There’s an interesting discussion going on at Chris Carfi’s blog, provoked by his post, Lie la Lie. The reference to The Boxer by Simon and Garfunkel is made more relevant by the sprited fight that follows in the comments.
I see wisdom on both sides here. I also felt uncomfortable that Seth’s book may seem like a licence for manipulation and support mindless consumption. Equally, I think he raises good questions on what we think the truth is; he may not answer those questions but then I’m not sure anyone can. Seth is good at provoking debate, which I like. Christopher is good at demanding depth and conscience in marketing, which I also like.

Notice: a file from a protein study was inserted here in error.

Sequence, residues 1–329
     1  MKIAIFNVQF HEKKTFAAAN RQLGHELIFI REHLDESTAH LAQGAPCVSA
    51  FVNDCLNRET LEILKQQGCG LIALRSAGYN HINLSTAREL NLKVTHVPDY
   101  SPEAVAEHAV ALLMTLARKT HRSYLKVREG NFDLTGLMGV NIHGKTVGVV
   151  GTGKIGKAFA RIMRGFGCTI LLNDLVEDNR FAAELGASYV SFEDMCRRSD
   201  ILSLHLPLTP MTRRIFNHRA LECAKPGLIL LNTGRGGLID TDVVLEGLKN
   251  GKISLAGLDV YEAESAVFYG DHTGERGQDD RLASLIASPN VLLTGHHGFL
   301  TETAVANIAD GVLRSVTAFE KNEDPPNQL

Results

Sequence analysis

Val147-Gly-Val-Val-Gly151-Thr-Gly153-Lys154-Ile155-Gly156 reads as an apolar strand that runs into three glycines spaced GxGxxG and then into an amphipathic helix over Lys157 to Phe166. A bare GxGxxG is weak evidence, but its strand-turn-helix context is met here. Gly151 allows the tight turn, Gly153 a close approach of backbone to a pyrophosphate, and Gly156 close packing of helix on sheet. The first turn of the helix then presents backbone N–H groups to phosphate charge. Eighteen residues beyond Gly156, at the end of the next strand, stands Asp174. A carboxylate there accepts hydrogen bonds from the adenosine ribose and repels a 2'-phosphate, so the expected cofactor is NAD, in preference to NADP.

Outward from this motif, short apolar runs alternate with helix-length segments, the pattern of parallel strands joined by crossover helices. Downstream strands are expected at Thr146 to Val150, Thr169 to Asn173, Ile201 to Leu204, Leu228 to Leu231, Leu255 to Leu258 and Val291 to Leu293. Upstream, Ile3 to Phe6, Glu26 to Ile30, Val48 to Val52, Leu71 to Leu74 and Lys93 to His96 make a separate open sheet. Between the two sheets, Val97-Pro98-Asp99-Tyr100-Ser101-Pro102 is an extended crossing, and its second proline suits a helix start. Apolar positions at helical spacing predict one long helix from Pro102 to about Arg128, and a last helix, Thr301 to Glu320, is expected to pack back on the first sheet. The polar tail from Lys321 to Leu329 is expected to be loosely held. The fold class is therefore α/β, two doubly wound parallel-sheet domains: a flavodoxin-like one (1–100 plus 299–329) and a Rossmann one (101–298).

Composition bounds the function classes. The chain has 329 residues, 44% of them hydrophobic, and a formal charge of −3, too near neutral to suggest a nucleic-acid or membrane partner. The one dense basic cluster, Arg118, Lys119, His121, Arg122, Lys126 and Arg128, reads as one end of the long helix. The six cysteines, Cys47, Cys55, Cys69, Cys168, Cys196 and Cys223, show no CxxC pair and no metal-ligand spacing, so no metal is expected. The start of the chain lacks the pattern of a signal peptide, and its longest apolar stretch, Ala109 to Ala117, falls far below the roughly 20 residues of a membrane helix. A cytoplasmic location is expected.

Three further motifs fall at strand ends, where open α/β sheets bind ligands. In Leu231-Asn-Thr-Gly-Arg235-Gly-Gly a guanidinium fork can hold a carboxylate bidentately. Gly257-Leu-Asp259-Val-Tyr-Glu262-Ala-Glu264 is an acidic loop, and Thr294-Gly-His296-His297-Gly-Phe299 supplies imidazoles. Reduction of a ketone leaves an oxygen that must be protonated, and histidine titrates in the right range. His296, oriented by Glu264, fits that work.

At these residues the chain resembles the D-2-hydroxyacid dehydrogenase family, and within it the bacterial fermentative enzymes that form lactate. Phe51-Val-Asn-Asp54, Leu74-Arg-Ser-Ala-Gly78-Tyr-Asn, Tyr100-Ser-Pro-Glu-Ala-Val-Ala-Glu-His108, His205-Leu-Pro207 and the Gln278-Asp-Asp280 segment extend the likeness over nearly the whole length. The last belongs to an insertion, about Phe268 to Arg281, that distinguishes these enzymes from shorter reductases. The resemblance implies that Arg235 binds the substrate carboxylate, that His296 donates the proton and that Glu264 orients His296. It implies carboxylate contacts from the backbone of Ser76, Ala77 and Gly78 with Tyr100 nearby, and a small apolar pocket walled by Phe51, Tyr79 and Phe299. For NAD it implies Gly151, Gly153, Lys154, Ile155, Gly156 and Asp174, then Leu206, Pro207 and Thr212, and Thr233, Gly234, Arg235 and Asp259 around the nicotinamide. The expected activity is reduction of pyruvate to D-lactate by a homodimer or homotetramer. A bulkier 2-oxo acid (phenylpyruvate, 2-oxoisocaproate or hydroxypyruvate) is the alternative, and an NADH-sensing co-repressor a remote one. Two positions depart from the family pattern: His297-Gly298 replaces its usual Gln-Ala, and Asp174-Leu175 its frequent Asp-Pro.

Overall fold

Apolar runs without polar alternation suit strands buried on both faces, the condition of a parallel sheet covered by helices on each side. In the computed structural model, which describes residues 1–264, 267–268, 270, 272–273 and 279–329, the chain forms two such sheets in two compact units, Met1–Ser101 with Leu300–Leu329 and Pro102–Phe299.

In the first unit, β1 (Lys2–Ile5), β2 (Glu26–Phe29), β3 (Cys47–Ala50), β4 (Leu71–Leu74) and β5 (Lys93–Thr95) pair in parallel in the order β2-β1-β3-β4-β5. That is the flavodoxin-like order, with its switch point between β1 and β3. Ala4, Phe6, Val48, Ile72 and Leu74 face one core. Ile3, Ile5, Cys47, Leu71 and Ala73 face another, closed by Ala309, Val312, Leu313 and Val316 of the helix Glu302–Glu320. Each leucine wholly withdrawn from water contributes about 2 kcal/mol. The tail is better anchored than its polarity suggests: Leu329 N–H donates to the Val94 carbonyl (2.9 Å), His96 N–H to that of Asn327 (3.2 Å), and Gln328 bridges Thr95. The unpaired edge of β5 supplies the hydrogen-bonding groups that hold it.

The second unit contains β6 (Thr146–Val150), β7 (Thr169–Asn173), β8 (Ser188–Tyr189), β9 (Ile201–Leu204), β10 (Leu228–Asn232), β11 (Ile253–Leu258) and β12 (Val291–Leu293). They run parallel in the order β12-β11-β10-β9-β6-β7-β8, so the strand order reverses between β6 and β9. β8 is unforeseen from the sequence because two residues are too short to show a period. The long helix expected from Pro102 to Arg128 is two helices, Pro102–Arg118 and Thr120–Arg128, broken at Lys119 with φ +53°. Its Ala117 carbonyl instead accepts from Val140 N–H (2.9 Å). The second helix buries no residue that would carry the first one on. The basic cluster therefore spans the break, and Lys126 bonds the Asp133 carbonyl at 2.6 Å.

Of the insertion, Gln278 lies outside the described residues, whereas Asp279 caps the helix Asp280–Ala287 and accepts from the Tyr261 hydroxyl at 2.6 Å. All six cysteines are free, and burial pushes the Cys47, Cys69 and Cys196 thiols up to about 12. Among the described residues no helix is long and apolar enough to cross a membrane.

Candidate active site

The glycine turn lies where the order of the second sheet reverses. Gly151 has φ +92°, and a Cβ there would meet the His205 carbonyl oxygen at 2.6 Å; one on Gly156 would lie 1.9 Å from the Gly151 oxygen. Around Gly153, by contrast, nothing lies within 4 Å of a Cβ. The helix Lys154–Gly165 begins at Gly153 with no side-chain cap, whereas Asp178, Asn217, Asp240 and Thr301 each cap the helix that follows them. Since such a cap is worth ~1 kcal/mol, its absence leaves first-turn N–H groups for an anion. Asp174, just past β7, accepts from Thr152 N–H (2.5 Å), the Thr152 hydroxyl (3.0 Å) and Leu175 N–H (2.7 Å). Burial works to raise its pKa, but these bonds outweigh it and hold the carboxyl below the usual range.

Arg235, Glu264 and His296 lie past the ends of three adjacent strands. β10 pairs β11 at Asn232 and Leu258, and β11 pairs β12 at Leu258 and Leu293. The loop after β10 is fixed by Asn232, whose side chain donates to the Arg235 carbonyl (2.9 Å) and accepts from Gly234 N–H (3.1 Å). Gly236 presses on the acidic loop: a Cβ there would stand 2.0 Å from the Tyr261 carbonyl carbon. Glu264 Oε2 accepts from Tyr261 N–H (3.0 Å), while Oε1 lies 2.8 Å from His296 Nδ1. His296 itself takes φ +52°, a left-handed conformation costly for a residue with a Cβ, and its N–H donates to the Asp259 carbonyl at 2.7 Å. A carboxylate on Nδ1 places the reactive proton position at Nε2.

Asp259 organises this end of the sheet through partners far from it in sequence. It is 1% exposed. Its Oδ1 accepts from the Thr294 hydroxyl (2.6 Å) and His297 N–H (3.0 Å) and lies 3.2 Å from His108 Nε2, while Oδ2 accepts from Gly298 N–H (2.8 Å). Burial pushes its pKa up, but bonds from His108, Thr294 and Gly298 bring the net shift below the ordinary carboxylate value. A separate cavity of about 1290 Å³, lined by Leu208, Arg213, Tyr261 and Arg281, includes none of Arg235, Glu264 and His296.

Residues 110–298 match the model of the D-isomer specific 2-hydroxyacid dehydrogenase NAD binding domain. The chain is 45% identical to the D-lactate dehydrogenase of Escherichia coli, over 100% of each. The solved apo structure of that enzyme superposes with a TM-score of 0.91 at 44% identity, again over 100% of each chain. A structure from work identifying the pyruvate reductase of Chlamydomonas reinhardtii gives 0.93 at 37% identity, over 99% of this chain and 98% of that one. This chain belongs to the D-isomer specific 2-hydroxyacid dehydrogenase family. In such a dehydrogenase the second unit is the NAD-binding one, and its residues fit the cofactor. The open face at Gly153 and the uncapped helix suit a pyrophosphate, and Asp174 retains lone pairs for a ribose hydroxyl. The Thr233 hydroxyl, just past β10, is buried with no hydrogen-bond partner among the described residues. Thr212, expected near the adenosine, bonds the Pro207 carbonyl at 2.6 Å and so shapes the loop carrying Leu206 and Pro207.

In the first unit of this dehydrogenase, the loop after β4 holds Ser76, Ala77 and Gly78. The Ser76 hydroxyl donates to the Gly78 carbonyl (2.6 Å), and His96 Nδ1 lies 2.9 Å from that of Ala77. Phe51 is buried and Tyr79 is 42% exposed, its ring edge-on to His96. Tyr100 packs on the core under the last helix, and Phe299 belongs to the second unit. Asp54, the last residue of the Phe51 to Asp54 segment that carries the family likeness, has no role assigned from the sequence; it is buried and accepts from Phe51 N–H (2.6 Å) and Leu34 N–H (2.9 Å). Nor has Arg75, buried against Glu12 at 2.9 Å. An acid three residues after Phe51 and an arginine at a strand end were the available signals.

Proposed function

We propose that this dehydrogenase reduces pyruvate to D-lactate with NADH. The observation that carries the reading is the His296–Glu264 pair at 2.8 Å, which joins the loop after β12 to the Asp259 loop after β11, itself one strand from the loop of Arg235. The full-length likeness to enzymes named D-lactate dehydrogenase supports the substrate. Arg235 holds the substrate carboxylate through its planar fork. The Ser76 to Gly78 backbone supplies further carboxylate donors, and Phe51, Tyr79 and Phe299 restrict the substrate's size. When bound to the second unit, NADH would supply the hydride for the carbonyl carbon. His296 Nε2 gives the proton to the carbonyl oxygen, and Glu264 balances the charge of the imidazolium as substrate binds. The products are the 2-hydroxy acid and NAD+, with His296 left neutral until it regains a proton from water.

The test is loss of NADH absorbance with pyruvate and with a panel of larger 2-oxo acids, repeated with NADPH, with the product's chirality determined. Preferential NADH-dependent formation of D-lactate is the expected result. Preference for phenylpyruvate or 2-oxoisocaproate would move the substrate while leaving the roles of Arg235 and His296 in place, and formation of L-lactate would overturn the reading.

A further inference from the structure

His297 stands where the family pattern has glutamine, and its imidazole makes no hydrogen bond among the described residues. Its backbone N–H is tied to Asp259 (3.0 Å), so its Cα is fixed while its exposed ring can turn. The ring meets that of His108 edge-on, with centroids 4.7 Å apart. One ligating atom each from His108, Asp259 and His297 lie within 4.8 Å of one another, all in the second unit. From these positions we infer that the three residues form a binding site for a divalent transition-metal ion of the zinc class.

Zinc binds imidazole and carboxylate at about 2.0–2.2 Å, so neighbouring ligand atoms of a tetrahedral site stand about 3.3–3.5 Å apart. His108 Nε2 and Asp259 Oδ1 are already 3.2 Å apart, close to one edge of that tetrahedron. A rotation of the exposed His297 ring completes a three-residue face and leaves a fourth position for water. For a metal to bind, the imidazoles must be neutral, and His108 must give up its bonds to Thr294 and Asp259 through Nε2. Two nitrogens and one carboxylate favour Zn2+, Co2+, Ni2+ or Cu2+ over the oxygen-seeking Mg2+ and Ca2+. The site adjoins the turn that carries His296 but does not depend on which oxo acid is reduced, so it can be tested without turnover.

Some of it is really good – including some nice reincorporation of Simon and Garfunkel lyrics by Ed Brenegar. Reading some of the other comments feels a bit like watching lawyers nitpicking, with forensic examination of quotations leading to a game of NIGYYSOB (from Transactional Analysis: Now I’ve Got You, You Son of a Bitch). Overall it’s much the best debate about the book I’ve seen.
Chris is arguing for authenticity and I like that. I’ve written a lot about it myself, though not so much lately – because it’s so hard to define and because it’s easy to end up sounding pious. Thank God for Doc Searls‘ endorsement of blogging as open-ended as I’m not feeling able to reach any rousing conclusion to this post.